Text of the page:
An alteration of articles must be bonafide for the benefit of the company as a whole. Regard must be had to existing and future shareholders of the company.
• Whether the alteration is made in good faith or not is for the court to determine on the basis of circumstances.
• In Sidebottom V. Kershow Leese and Co. the plaintiff who was a shareholder of the private company was interested in a business which competed with that of the company was interested in a business which competed with that of the company.
• Members in the general meeting resolved to add to the articles a provision to the effect that a member had to transfer his shares to nominees of directors if a written request requiring him to do so was served upon him the board.
• A request was served upon the plaintiff who filled action challenging the validity of the new article. It was held that the alteration was valid since it was beneficial to the company to get rid of competitors among its members. However, in Brown V. British Abrassive Wheel, a public company required further capital urgently on risk of being wound up. The majority holding 98% of the shares were ready and willing to provide a capital on condition the bought the minority. The minority refused to sell their shares. Subsequently, the majority resolved to add to the articles, a provision to the effect that t member was bound to transfer his shares. If a written request was served upon him holders of not less than 90% of the shares. The minority filed an action challenging the validity of the new article. The alteration was disallowed on the grounds that it was not made in good faith for the benefit of the company as a whole but exclusively for the benefit of the majority.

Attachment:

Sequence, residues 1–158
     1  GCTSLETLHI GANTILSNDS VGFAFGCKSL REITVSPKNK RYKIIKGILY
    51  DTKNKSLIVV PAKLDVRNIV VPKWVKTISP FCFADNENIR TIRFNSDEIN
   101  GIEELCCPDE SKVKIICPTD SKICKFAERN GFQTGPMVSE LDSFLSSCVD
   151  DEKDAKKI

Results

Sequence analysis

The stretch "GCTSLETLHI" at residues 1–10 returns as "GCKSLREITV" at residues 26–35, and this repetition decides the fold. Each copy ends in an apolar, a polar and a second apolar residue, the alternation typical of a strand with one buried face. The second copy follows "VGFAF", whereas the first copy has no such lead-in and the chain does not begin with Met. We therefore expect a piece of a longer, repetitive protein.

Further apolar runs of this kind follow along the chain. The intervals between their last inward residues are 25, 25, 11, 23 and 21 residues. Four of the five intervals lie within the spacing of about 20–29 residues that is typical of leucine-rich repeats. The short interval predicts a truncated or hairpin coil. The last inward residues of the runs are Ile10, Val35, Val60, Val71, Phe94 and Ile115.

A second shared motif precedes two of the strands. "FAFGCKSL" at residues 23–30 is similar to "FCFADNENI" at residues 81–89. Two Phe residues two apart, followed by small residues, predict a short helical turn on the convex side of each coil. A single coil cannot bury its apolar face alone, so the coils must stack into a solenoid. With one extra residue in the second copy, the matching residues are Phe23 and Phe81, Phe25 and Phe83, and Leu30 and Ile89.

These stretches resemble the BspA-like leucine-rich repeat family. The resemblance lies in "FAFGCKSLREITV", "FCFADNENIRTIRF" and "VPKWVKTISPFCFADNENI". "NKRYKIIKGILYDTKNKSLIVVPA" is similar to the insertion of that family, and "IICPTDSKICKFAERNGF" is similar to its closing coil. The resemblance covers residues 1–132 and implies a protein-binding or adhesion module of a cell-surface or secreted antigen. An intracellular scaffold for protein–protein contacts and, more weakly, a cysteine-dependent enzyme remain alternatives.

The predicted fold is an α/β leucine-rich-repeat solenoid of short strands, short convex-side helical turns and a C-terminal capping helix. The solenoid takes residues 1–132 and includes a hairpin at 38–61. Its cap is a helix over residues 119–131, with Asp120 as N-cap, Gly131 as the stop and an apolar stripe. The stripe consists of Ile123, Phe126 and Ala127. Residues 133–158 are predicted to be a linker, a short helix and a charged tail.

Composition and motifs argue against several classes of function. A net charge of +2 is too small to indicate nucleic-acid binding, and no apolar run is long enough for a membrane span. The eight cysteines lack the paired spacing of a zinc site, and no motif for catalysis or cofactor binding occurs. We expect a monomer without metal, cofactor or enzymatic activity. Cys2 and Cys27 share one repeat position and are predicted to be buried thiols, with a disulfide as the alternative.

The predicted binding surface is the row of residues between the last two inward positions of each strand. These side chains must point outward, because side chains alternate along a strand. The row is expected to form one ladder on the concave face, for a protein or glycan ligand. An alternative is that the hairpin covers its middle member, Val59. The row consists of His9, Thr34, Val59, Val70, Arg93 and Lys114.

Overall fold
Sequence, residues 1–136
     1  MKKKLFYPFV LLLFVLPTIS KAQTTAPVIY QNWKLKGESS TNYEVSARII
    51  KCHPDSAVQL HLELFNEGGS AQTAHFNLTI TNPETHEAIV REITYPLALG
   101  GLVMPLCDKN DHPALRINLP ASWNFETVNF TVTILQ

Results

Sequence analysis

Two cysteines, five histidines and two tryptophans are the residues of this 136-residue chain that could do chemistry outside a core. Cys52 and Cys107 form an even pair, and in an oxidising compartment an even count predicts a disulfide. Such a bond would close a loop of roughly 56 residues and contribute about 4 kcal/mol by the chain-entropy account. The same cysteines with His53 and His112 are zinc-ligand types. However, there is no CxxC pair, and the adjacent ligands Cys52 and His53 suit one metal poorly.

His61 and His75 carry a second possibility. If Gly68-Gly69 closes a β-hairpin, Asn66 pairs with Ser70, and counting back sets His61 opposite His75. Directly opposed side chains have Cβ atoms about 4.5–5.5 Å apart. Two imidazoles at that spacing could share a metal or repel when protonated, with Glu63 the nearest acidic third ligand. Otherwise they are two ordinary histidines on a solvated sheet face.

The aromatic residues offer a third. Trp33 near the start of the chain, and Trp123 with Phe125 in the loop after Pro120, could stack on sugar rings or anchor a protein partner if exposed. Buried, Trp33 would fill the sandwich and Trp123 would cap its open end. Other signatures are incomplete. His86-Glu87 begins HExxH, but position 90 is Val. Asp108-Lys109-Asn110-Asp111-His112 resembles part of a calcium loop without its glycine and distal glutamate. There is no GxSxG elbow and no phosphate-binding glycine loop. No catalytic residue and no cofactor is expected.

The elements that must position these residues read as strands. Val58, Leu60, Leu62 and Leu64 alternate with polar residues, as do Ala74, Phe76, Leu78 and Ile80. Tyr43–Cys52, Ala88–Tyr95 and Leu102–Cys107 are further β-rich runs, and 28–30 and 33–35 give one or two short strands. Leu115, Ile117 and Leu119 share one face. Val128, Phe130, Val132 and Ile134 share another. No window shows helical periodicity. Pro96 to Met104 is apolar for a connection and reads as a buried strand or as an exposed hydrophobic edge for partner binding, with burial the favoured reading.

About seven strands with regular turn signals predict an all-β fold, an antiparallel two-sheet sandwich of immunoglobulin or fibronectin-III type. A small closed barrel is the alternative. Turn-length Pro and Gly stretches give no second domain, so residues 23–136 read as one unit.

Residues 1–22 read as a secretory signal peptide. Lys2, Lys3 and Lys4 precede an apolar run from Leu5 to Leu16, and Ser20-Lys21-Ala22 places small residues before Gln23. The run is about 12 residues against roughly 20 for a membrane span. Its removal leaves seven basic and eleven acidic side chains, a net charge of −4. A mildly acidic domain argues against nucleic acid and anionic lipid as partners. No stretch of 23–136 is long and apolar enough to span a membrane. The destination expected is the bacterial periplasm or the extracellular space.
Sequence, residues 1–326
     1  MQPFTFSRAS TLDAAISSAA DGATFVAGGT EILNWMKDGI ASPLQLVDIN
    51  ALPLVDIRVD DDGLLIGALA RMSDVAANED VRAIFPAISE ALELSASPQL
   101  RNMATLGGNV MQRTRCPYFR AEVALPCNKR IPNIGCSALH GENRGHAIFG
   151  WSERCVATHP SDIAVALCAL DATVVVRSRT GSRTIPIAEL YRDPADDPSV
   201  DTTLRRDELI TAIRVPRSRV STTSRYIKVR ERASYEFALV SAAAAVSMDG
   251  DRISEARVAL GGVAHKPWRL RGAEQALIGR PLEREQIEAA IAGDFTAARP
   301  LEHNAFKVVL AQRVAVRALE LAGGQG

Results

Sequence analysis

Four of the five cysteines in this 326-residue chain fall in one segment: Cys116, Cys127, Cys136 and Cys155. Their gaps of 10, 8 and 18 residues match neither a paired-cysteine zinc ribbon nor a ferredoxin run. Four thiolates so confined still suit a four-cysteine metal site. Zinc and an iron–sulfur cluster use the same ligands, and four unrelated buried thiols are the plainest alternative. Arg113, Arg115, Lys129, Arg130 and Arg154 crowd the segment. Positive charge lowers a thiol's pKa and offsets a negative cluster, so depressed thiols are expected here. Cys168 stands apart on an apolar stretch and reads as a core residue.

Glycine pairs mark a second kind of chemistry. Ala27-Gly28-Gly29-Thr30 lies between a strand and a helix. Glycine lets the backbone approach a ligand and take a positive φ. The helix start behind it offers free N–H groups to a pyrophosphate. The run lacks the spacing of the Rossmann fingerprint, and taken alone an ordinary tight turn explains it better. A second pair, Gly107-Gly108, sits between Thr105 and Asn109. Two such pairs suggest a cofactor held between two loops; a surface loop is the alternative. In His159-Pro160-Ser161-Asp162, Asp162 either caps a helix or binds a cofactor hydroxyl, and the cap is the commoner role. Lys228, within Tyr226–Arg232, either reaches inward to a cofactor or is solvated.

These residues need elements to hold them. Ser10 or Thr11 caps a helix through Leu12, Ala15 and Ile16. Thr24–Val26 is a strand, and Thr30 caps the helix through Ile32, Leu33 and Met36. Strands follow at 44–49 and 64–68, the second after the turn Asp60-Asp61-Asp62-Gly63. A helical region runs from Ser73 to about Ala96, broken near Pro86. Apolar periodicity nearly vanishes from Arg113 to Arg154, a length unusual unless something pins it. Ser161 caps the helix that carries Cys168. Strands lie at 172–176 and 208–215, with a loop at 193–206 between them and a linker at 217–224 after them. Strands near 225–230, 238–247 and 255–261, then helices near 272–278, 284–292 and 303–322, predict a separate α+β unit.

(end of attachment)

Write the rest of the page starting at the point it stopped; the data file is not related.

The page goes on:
• In the case of Gwanju Co. Ltd is not bonafide for the benefit of the company as a whole.
• Therefore, minority should file an action in court for the alteration to be disallowed